by Fredrick Mugira
January 27, 2015
Mid-January 2015, over 300 people converged in Zaragoza, Spain to take part in the International Annual UN–Water Zaragoza Conference. The conference was used as an occasion for analyzing water-related SDGs and the role of the different actors for their implementation.
There are 17 proposed SDGs and 169 targets. SDG 6 focuses on water and sanitation. It has 8 targets. Others five SDGs have seven targets directly or indirectly linked to water-related issues. A high level summit to adopt the SDGs takes place in New York, USA in September this year.
Linking SDGs with MDGs
Sustainable Development Goals (SDGs), will build upon the Millennium Development Goals (MDGs) and converge with the post-2015 development agenda. SDG 6 will therefore build on goal 7, target 10 of the Millennium Development Goals that calls for halving by 2015 the proportion of people without sustainable access to safe drinking water and basic sanitation.
Most developing countries have already attained their target to halve the number of people who do not have access to safe drinking water. They however have failed to provide access to basic sanitation, so much so that in one of its posts online, the Water Supply and Sanitation Collaborative Council (WSSCC) warns that, “At current rate of progress, the world will miss the Millennium Development Goal (MDG) for sanitation by over half a billion people.”
According to the UN children agency –UNICEF– up to 2.5 billion people worldwide do not have adequate toilets. One billion of these practice open defecation. They ease themselves in open places such as bushes and water bodies. And the most affected regions are Africa where 70 percent of the people do not have access to improved sanitation. Others are Oceania and South Asia where 64 percent and 59 percent of the population there respectively lack proper sanitation and hygiene facilities.
So what went wrong? How can the target of achieving adequate and equitable sanitation and hygiene for all and ending open defecation by 2030 be achieved?
The Failed Promise
The picture depicted during the International Annual UN–Water Zaragoza Conference showed clearly that all actors: civil society, public and private actors, are on the verge of failing their promise; the promise of halving by 2015 the proportion of people without basic sanitation.
But the blame should be put squarely on public actors: policy makers, regulators and public authorities; the actors that make up government in most developing countries.
Most governments in developing countries lack commitment. Coupled with lack of enough funds, such governments sidelines issues of sanitation and hygiene. They prefer to inject the little funds they have in sectors they term as most urgent such as defence.
In a country like Uganda for example, according to WaterAid, the water sector’s, “On-budget funding as a share of government expenditure has declined from 4.9% in 2004/05 to 1.7% in 2011/12.” It is also true that the water and sanitation sector in Uganda receives minimal funding compared to other sectors such as defence, education and health.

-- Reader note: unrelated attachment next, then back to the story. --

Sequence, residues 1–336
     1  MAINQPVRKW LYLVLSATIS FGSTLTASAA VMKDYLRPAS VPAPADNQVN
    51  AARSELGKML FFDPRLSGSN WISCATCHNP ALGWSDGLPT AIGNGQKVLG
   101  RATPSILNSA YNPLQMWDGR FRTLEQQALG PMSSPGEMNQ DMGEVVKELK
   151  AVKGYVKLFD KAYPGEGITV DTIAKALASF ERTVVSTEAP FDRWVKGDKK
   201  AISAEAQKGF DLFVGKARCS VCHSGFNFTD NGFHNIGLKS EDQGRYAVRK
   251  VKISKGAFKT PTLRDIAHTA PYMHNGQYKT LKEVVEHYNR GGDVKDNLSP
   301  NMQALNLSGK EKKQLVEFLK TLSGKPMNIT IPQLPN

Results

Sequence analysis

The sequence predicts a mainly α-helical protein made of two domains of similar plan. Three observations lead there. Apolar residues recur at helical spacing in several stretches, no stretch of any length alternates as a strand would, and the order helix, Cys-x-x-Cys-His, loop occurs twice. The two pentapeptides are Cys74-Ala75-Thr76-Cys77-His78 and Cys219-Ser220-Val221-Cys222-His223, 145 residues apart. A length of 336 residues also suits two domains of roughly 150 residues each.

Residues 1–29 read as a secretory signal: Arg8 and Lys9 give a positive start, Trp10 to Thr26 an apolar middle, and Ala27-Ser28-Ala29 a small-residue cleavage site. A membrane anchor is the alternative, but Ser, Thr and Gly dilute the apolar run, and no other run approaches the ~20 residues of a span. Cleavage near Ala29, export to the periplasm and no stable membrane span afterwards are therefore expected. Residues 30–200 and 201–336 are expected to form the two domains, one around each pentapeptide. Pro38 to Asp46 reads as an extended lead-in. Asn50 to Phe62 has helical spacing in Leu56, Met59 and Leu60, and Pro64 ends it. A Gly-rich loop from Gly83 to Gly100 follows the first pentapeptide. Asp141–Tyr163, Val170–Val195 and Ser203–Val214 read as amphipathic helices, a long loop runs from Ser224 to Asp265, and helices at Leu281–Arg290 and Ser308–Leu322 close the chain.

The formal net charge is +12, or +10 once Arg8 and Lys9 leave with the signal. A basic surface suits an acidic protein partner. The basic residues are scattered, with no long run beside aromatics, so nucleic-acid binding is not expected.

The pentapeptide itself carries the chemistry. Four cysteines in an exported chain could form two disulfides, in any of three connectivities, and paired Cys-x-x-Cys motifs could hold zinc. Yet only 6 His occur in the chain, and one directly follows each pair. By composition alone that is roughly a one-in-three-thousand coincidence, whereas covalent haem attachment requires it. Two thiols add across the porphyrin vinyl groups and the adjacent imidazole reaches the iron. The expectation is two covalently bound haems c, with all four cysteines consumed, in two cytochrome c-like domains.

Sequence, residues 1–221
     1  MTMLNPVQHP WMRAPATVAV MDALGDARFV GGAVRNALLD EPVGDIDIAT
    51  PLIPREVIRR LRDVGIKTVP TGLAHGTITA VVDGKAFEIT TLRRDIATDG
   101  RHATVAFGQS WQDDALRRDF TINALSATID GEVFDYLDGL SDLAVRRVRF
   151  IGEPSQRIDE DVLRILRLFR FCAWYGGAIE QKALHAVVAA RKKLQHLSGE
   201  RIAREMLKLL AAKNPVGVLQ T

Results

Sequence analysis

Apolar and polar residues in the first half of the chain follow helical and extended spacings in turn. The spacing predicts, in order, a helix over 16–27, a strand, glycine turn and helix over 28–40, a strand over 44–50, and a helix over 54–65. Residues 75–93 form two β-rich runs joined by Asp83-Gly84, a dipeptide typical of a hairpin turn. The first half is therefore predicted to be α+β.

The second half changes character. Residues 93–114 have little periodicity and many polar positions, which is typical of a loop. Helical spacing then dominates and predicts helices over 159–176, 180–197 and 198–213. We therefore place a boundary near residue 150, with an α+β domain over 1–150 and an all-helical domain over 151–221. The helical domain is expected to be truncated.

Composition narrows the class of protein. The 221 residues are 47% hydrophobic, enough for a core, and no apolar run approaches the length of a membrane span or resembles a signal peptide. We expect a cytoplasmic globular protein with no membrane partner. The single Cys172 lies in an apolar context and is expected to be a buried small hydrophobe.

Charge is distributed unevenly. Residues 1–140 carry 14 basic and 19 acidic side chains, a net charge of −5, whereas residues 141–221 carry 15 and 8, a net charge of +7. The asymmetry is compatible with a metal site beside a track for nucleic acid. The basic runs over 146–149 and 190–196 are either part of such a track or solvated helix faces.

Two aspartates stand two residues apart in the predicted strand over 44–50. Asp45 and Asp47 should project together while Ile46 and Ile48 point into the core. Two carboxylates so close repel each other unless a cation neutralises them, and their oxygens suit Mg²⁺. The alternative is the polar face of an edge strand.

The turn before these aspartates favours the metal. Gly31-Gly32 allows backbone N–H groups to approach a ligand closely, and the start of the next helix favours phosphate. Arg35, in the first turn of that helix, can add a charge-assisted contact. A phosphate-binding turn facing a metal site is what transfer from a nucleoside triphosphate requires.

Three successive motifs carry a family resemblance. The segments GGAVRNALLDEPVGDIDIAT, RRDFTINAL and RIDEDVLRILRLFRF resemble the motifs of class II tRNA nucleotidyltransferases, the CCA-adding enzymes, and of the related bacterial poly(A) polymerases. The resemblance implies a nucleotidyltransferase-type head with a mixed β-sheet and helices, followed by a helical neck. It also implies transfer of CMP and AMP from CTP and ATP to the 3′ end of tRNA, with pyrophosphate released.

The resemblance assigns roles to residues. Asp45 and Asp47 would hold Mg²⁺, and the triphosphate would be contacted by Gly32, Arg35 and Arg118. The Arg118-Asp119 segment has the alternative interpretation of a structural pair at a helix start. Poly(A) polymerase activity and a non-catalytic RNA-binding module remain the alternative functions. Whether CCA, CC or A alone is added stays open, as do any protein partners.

But also in countries where funding is available, corruption in the water sectors does not let these funds be invested in the right projects. The funds are swindled by public officials. This is common in these countries because of lack of open, transparent and effective systems of governance.
I also agree with Dr Iskander Adbullaev, Executive Director for the Regional Environmental centre for Central Asia, when he says that lack of strong cooperation networks is partly to blame for hindering some Asian countries from achieving MDGs related to water and sanitation. Dr Iskander was speaking during the special regional session about implementing the water-related SDGs in the UNECE region at the 2015 UN-Water Annual International Zaragoza conference. He appealed to countries to team up and pull resources to enable them achieve this target.
In South-East Asia, up to 178 million people have no access to sanitation services. The lack of safe water and sanitation in most developing countries is the basis for most problems there. In a country like Vietnam, up to 20,000 people die each year due to lack of clean water and proper sanitation and hygiene.
Delivering the Promise
Governments in developing countries must show commitment and come up with creative methods to raise funds for financing water and sanitation programs and capacity development; and these funds must be invested in the right ventures. They must promote the agenda of addressing corruption and supporting accountability and transparency in the water sector.
This has actually worked for South Korea which was able to progress from 17 percent water supply coverage in 1961 to 98 percent in 2012. Dr. Jong Ho Ahn, Senior Researcher Fellow and Director for Environmental Policy Research Group Division of Water Environment at Korea Environment Institute, attributes this remarkable progress to the commitment of South Korea’s government to finance programs meant to help its people live better lives.
He agrees with my suggestion that governments must compel themselves to help their people live better lives and one of such commitments is provision of safe water and basic sanitation.